How many grafts will it take? I am 29 years old (photo)

You have a pattern of balding that indicates that you will probably lose all of the hair on the top of your head, maybe the frontal forelock will remain, maybe not. Based upon your skin color, I suspect that you may have an Indian heritage which means to me that your donor supply will be lower than the donor supply of the typical Caucasian. Your doctor needs to build a Master Plan with you, measure your donor hair density and donor supply for the long term. This will determine not only what you need now but what you will need in the future as well.  I suspect the first surgery will take at least 2,000 grafts and further surgeries in the next few years may be required as you lose the rest of the hair on your head. I also suggest that you consider taking the drug Finasteride to protect the hair that you have left for both the short and long term.

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I have bumps on my hairline after the transplant, why is it there and what can I do about it? (photo)

These bumps may be caused by too much skin on the grafts or grafts may not have been placed flat and flush with the surrounding skin at the time of the transplant. A repeat transplant with single hair grafts that have the skin trimmed off and placed flush will overwhelm the problem and address much of it, but it will still be there.

hairline bumps

How long does transplanted hair last

When asked if transplanted hair will last, I always tell patients that transplanted hair will last as long as the hair in the back and sides of the head, which generally last a lifetime.  However, transplanted hair can undergo senile alopecia and I have occasionally seen people’s transplanted hair thin out many years after the transplant but this is very rare.  Generally, you can expect transplanted hair to last well into your senior years.

I am a 55 year old female who had two hair transplant and my hair continues to be thin

A hair transplant in women are often not a good idea because the donor hair is often miniaturized and these miniaturized hairs, when transplanted, will continue the miniaturization process. A better treatment for women with thinning hair is Scalp MicroPigmentation.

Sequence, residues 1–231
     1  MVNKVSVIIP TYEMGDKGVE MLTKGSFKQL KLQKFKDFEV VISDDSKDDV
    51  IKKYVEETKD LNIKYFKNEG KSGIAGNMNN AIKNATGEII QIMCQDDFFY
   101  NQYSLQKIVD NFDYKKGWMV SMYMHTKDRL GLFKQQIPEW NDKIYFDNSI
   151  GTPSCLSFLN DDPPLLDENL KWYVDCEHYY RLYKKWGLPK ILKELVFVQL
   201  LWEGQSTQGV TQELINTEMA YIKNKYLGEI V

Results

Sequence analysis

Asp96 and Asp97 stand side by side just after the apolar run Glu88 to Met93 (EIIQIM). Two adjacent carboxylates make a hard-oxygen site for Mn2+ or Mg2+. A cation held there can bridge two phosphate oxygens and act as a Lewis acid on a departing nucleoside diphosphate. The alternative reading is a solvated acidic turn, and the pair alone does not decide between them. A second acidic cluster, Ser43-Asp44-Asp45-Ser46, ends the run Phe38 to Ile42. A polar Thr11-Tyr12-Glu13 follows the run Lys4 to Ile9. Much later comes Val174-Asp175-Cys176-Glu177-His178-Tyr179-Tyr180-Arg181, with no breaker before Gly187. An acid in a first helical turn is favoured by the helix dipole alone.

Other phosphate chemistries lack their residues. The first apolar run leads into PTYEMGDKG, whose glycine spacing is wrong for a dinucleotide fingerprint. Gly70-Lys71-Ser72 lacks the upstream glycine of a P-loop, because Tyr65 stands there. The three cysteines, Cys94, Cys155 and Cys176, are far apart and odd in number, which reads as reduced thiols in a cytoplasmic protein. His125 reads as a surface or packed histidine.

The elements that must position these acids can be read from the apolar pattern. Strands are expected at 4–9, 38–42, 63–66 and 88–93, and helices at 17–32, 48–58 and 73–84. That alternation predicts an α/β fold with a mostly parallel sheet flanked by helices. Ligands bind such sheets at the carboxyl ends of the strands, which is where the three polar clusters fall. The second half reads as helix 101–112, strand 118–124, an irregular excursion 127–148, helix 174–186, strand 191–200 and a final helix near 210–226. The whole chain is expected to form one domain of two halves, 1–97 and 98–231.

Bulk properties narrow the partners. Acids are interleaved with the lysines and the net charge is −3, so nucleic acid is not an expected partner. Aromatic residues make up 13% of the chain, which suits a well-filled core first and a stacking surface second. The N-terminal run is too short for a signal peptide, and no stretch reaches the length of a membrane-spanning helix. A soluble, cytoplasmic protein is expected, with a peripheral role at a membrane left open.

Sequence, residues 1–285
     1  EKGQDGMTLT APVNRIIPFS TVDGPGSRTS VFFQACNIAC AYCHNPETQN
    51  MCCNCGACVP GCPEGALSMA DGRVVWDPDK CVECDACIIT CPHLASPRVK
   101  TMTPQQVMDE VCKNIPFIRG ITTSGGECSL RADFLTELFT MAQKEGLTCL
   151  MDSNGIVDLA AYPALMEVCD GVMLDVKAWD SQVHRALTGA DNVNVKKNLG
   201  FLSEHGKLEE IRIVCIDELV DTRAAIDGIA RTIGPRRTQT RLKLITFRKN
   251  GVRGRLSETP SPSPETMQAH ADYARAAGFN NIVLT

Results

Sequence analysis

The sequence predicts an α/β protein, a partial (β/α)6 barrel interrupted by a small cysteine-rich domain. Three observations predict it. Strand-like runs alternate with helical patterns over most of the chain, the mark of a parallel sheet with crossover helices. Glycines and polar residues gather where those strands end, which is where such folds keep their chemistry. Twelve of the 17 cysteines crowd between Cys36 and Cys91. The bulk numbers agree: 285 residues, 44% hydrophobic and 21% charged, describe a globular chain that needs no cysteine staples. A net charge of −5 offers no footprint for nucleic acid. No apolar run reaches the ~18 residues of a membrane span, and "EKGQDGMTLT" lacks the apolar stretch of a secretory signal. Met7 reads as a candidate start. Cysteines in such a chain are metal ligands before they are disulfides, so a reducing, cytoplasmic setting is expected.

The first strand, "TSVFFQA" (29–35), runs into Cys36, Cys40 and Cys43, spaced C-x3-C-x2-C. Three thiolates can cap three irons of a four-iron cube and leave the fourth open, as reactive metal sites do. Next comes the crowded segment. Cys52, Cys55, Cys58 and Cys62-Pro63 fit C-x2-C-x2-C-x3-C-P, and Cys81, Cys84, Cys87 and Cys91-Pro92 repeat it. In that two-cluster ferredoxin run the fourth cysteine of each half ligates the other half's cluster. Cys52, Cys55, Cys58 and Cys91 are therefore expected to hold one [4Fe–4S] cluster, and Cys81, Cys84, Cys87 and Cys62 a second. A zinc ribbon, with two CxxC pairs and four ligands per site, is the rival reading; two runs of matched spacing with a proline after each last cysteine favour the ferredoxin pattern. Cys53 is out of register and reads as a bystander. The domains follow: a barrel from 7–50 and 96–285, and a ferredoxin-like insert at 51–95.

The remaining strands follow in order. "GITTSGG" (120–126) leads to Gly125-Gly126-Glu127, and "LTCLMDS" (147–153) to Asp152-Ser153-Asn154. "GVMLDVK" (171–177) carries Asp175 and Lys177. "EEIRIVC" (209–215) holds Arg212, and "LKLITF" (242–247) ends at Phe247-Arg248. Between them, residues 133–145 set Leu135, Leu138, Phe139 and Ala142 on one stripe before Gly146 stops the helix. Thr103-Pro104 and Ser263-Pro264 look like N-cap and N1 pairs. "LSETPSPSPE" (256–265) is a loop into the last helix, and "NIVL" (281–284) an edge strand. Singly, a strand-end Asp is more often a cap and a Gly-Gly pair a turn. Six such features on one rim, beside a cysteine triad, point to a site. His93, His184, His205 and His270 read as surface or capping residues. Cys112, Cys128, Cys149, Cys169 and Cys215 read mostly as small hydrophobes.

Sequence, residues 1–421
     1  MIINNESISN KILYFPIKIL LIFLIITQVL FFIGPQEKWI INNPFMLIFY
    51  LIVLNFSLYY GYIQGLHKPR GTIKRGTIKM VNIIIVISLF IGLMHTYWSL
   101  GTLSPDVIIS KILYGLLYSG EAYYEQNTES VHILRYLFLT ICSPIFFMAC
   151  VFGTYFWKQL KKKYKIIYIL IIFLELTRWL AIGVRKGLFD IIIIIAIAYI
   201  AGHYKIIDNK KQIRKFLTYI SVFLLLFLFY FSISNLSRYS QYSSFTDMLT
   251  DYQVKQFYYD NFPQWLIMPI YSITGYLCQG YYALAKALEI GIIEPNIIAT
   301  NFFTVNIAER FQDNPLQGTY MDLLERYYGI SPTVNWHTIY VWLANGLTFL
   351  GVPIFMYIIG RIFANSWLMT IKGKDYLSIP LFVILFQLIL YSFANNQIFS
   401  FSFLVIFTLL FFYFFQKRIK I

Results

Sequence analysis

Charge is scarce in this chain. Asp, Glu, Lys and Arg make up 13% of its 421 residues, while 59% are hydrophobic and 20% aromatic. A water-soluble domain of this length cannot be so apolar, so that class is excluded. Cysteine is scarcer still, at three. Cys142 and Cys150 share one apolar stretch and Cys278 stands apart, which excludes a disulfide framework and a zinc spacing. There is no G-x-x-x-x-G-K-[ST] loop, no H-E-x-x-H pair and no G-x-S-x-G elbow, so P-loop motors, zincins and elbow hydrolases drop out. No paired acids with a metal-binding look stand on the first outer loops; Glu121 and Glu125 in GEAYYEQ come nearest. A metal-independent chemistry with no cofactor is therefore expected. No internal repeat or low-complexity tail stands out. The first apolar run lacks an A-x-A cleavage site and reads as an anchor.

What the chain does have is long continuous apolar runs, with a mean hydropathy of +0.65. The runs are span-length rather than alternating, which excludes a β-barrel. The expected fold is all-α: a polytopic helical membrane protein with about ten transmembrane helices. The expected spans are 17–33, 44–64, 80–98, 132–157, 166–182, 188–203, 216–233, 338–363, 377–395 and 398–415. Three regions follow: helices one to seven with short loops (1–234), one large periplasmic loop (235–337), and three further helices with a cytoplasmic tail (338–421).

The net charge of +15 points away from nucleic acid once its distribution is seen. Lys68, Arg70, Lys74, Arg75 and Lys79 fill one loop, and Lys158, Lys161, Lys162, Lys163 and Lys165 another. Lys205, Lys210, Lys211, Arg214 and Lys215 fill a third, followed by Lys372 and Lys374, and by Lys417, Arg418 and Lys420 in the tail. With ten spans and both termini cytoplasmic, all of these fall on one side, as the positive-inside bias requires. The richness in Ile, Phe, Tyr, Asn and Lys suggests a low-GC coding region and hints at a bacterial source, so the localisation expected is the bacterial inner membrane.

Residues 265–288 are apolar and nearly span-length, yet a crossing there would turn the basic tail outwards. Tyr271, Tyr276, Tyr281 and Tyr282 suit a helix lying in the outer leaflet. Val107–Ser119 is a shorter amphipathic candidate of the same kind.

See here: https://scalpmicropigmentation.com/smp-for-women/

I am 27 years old. Can I transplant what you see here and how many grafts?

What I need is a frontal picture with your hair pulled back and your eyebrows lifted high so that your forehead creases. That shows me the anatomic points that allows me to determine the proper place of the hairline.  Then your question can be answered.  This picture suggests hair loss in the front as well as the large crown loss shown in the picture you supplied. You should send photos of the frontal area as well so that we don’t give you half an answer to your question.

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How does my FUE recipient area look? (photos)

You have excessive crusting as a result of poor post-operative washing techniques, or absence of them.  An FUE is treated just like a regular hair transplant with regard to the recipient area, but the donor area has open wounds which require daily washing with soap and water. Within 3 days of surgery, you can resume full activities, heavy exercises if you wish. The recipient area requires daily washes as well to keep the recipient area free of crusts. I generally recommend the use of a sponge and supply my patient with a surgical sponge to fill with soapy water and press on the recipient area daily. By repeating this daily, all crusts can be washed off without any fear of losing grafts. IF any crust are present, use a Q tip and dip it into soapy water, and roll it on the crusts and that will lift them off without dislodging them, but never rub them, just roll the Q tip on the recipient crust. I like to see no evidence of any crusting in the recipient area and the crusts from the donor area gone in 7-10 days with daily washing much like the two patients on the right.

I don’t like the idea of anyone removing grafts that have scabs on them because we have published a paper in a formal medical journal, that when a person pulls off a scab (crust) from a recipient area in less than 12 days, the risk of losing the graft is very high. Put a shampoo on your head and let it sit for 10-15 minutes, then gently work the crusts with your fingers. This will take days to get the crust off so that you do not disturb the grafts. See the medical paper we wrote in a major journal below in the web reference that proves my point. Look at the two patients on the right, both one day after FUE sessions and both clean without crusts.

poor and good wash